U.S., Canadian, and Australian banks publish the most useful annual reports, while German, Dutch, Italian, Belgian, and Asian banks offer the most inscrutable yearly business reviews, according a survey by a London-based business research company.

The survey, sponsored by Lafferty Publications Ltd., ranked Citicorp and Chase Manhattan Corp. as among the eight international banks to which it assigned a grade of A for quality.

Most other U.S. bank reports received B's, but Bank of New York received a C.

Personnel a Weak Spot

"While U.S. bank annual reports are particularly strong in the area of their financial statements, they are world laggards when it comes to employment and personnel information," the report said.

Among the other key findings about U.S. banks:

* Most disclose the principal occupation of their directors but do not provide information on their experience and qualifications.

* Most disclose the principal occupation of their directors but do not provide information on their experience and qualifications.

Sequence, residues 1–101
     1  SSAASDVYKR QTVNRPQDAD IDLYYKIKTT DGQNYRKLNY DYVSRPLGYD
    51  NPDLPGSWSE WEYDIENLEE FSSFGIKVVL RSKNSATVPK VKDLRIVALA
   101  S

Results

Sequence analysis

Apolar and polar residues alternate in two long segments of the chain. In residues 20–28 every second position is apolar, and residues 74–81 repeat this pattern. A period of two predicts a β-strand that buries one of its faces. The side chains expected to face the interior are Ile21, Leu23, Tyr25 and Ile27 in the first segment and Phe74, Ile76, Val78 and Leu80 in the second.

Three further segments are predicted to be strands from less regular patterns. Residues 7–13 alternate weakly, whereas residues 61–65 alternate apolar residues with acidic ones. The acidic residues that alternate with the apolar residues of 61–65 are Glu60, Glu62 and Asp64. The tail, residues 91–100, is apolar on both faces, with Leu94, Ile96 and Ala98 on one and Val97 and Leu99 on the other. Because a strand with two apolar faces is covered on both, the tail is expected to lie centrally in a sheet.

* Only about half disclose the extent of their involvement in trust and fiduciary services.

* They do not quantify financial performance targets, nor do they disclose employment objectives.

Some Key Problems

In more general findings, the survey reported that many banks do not comply with international accounting standards, about 20% inadequately disclose their accounting policies or do not disclose at all, and many use hidden reserves or excess general provisions to conceal their real results.

No fewer than eight of 10 big German banks received D's for their reports, including Deutsche Bank, Germany's biggest.

The study, by Lafferty and KPMG Stokes Kennedy Crowley, based in Dublin, Ireland, ranked the annual reports of the world's top 100 banks according to qualify of information they provided, using international accounting standards.

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